• Philippa Kartawick

Why I buy organic food and think you should too



Organic sustainable sistass!! (This is my sister picking up her weekly organic Riverford box, très excité! Organic food potentially has little to no extra nutritional benefits than conventional food does. However, buying organic is less about 'me me me' and more about ‘we', as a collective of beings, working together with nature. The WHO & UN define organic agriculture as a holistic system that "enhances agro-ecosystem health, including biodiversity, biological cycles & soil biological activity". The use of artificial chemicals, fertilisers & pesticides are severely restricted. GM materials are banned. Farms are inspected once a year. Your organic food will still have some pesticide residue mind, about 7% compared with the 38% comp conventional produce. What is worrying however, is that the jury is still out with regards to the safety of pesticides. One party i.e. the WHO say that ‘pesticides are potentially toxic to humans & can have both acute and chronic health effects’ whilst another party says that the risks are minimal. Despite decades of research, significant uncertainty regarding the safety of consuming pesticide laden food remains. So in my eyes, health wise, I would sooner be on the cautious side & buy organic food, but not lose sleep over eating non-organic produce. Regardless of organic/ conventional, is it with absolute certainty that eating a diet abundant in fruit & veg is always beneficial for your health.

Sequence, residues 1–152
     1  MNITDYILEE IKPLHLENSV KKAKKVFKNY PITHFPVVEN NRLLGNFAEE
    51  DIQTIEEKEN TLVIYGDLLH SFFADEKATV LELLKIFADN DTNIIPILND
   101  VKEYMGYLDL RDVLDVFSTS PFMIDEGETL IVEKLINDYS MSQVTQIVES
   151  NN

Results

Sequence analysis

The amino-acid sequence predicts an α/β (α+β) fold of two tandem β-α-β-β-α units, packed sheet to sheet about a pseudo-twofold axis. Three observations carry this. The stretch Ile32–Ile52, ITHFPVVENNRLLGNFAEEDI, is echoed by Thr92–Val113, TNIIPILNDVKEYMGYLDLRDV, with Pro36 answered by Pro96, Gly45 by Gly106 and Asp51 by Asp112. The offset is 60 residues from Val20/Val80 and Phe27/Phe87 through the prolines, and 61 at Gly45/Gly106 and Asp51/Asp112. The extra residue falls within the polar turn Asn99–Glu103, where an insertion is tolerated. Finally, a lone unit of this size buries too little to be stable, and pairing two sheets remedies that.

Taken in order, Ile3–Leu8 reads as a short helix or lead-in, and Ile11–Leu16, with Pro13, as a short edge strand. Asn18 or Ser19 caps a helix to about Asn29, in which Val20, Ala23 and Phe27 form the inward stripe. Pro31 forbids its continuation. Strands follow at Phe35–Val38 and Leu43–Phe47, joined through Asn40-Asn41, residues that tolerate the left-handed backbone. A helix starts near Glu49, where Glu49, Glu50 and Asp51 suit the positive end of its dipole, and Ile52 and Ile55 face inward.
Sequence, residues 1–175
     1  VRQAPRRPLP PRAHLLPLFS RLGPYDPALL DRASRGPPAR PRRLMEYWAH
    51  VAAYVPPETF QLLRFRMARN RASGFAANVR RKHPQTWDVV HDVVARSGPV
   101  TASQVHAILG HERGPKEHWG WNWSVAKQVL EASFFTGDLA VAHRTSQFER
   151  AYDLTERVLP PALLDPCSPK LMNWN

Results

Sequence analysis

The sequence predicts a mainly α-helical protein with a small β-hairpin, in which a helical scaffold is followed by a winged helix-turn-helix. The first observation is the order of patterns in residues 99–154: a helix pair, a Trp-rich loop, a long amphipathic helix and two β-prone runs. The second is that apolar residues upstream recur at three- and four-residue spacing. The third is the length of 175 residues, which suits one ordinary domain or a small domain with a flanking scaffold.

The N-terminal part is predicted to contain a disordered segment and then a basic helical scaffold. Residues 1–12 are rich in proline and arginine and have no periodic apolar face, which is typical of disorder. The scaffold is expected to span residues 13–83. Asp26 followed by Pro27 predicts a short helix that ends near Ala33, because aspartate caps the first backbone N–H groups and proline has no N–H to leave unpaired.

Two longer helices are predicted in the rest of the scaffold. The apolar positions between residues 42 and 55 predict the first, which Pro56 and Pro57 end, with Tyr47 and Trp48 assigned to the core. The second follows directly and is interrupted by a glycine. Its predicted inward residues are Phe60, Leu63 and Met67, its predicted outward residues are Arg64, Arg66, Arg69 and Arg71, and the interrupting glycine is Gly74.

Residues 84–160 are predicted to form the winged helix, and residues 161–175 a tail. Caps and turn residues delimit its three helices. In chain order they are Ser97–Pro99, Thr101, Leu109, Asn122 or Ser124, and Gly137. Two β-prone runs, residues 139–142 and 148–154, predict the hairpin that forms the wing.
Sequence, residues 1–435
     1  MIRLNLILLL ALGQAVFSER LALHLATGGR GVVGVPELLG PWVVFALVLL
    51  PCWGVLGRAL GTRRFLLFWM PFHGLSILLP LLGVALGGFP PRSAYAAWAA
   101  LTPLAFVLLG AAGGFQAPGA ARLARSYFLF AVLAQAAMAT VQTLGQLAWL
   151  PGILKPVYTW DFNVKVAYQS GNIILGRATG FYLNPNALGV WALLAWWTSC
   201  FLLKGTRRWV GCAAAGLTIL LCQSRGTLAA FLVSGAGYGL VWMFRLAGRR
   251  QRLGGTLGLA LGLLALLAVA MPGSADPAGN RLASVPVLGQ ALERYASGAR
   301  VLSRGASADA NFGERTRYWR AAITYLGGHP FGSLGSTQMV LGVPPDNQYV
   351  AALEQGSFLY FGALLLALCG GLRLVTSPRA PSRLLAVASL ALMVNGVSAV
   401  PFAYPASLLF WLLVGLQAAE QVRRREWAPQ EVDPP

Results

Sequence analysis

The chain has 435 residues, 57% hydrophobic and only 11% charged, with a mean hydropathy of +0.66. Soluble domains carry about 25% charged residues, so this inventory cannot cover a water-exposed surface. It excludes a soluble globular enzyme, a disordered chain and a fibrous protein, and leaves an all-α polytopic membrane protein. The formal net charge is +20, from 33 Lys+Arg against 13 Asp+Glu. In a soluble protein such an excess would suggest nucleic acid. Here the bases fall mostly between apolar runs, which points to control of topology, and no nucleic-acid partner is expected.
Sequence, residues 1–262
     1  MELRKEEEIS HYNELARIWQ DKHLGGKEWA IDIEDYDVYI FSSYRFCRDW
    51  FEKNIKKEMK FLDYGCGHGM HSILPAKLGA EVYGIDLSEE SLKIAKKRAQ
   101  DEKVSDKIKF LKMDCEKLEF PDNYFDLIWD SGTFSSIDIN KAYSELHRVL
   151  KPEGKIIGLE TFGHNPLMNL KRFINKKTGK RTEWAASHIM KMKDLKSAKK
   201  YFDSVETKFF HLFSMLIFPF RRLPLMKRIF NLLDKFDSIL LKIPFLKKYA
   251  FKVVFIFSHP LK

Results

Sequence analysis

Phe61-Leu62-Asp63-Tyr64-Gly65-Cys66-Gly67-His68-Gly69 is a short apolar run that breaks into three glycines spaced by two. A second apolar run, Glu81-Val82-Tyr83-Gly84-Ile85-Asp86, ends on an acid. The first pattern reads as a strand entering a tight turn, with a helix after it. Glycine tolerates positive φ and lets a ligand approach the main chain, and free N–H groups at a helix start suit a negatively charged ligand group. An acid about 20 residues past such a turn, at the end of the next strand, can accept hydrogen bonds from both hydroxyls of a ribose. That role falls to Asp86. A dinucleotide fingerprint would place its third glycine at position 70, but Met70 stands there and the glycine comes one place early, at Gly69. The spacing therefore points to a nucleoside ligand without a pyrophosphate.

But as with everything, choice is never just about you and your choice alone, because (as this current pandemic is proving) we are inherently connected. The health of your body is one thing, the health of the planet is another, and yet they are unequivocally connected. Tons of chemicals are dumped onto the soil and fields of conventionally grown food. This depletes the soil of it’s natural (and hugely important) minerals. B12 made from bacteria in healthy, mineral rich soil for instance, so back in the day, you could pick your soil laden mushrooms and get your B12 that way. But obviously with our mass modern population, harvesting, packaging and feeding a nation, makes eating unwashed (even organic veg) like this impossible (or arguably safe). Indeed eating cattle & chickens that munched on the soil loaded grass roots &/or pecked for worms in natural, mineral-rich soil, would get their B12 this way. If you’ve pillaged the soil of nutrients, where are your animals getting their goodness? They’re not. In short (and I will post specifically on each one of these throughout the lockdown), Organic farming conserves water, increases soil fertility and erosion, reduces pollution, uses less energy and works with (or at least affects least) the local wildlife. Because of this, I try to buy Organic as much as I can over conventional food.

However, again, as with all things, it is not black and white. Pesticides DO play a significant role in food production. 'They protect or increase yields and the number of times per year a crop can be grown on the same land. This is particularly important in countries that face food shortages' (WHO). So you have to keep it real. I wouldn’t say you were supporting particular communities by buying non-organic produce, but not seeing non-organic as evil & remaining level headed on things like GMO is important too (at least in my eyes). Buying local vs. buying organic is another food issue that you can read my thoughts on here.


But to draw this post to a close I will end with this: You can’t grown organic vegetables without cow shit.

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